Argentina on Wednesday told the International Monetary Fund that Buenos Aires cannot continue servicing unsustainable debt, as the IMF encouraged it to enact efficient restructuring policies.
IMF Managing Director Kristalina Georgieva and Argentine Economy Minister Martin Guzman exchanged views at a conference in Vatican City hosted by Pope Francis.
Guzman told the conference Argentina would under no circumstances continue servicing debt that was unsustainable and that pushed the country deeper into recession.
We are going to be very firm on that, he said.
He balked at the 9% interest rate that Argentina is scheduled to pay to the Paris Club of country creditors in 2020 and 2021. That is not only unsustainable, it marks a very bad anchor for the rest of the restructuring, Guzman said.
He emphasized his opposition to fiscal austerity as a recipe for over-indebted countries and called for clear international rules to govern sovereign debt crises.
Fiscal austerity in situations of unsustainable debt doesn't work. On the contrary, it's self-defeating, he said.
Georgieva and Guzman held what both said were 2-1/2 hours of constructive talks on Argentina's debt crisis on Tuesday night ahead of the conference.
It is very important moment for Argentina to put in place policies that are going to stabilize the economy, lead to successful debt restructuring and respond to the expectations of people that those who are the most vulnerable not be left out, Georgieva said at the conference on economic solidarity.
Argentina needs to restructure US$ 100 billion in sovereign debt with creditors, including the IMF, amid a steep recession with inflation above 50%.
The pope, who did not specifically mention the current Argentine crisis, called for new forms of solidarity to help indebted countries, saying we are not doomed to universal inequality.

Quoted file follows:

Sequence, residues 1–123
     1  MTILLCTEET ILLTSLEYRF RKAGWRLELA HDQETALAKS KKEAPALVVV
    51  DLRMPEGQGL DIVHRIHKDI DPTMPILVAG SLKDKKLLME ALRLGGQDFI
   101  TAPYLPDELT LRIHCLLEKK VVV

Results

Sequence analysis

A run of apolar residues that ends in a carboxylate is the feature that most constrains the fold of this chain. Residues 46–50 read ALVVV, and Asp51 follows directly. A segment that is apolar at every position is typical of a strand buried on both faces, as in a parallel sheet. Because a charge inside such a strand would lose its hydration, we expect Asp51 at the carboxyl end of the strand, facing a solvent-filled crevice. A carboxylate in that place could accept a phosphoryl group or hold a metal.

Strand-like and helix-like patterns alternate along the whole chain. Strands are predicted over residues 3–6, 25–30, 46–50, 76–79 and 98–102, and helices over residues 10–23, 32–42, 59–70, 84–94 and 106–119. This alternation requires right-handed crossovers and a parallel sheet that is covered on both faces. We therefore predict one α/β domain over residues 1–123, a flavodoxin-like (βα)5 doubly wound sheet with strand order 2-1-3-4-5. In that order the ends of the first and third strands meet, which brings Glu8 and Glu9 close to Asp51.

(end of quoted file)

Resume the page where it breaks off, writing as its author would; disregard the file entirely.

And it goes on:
Poor people in heavily indebted countries bear overwhelming tax burdens and cuts in social services as their governments pay debts contracted insensitively and unsustainably, Francis said, adding that a country's debt policy can become a factor that damages the social fabric.
Guzman said Argentina will need cooperation from bondholders to restructure sovereign obligations.
He stood by the government's deadline of having a bond revamp deal done by the end of March. An IMF technical mission is expected in Buenos Aires next week to discuss obligations owed to the fund.
The Vatican conference at the Pontifical Academy of Social Sciences brought together more than 25 government officials, religious authorities, and economists, including Joseph Stiglitz, the 2001 Nobel economics laureate.
Last Friday, Argentine President Alberto Fernandez met the pope and said the pontiff, who lived through a previous debt crisis when he was archbishop of Buenos Aires, had promised to do everything he could to help with the current one.
Fernandez has promised to bridge social divisions and roll out a massive credit system with low rates to bolster domestic demand, and to boost spending to address hunger and poverty.